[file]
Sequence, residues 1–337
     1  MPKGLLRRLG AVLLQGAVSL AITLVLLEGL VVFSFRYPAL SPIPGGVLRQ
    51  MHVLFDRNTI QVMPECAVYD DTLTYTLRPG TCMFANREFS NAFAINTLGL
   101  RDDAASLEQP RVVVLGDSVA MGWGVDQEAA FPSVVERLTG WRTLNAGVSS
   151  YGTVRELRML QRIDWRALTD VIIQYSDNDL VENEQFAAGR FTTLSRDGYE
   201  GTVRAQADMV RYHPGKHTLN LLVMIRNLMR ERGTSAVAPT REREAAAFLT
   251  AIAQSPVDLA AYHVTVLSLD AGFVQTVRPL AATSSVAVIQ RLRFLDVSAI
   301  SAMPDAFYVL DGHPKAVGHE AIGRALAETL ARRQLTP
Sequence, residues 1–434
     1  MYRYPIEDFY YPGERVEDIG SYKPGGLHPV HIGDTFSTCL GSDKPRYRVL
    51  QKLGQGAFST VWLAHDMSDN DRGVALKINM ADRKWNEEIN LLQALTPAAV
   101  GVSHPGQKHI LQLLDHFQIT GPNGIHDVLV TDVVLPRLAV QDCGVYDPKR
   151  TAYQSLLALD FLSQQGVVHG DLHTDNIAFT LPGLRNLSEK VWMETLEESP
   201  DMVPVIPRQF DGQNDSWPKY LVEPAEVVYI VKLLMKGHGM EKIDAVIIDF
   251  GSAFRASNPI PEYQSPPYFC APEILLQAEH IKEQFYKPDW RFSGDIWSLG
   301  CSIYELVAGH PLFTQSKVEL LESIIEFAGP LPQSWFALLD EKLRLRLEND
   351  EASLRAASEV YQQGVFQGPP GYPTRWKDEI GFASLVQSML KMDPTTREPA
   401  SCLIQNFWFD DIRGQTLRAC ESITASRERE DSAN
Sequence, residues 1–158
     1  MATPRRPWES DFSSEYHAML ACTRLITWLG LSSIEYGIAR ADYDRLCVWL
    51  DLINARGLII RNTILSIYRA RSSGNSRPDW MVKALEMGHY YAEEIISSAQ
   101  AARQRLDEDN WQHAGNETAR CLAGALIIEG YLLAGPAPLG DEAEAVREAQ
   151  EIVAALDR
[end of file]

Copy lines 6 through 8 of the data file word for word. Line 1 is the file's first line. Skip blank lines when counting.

   201  GTVRAQADMV RYHPGKHTLN LLVMIRNLMR ERGTSAVAPT REREAAAFLT
   251  AIAQSPVDLA AYHVTVLSLD AGFVQTVRPL AATSSVAVIQ RLRFLDVSAI
   301  SAMPDAFYVL DGHPKAVGHE AIGRALAETL ARRQLTP